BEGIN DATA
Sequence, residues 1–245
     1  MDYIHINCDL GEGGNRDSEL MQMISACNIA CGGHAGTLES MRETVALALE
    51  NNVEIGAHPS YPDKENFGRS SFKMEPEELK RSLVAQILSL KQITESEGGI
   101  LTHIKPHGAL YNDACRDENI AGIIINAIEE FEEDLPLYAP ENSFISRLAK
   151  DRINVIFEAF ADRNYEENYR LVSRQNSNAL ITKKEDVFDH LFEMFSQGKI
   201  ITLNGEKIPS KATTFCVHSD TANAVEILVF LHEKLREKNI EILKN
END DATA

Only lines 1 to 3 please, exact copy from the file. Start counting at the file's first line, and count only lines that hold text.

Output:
Sequence, residues 1–245
     1  MDYIHINCDL GEGGNRDSEL MQMISACNIA CGGHAGTLES MRETVALALE
    51  NNVEIGAHPS YPDKENFGRS SFKMEPEELK RSLVAQILSL KQITESEGGI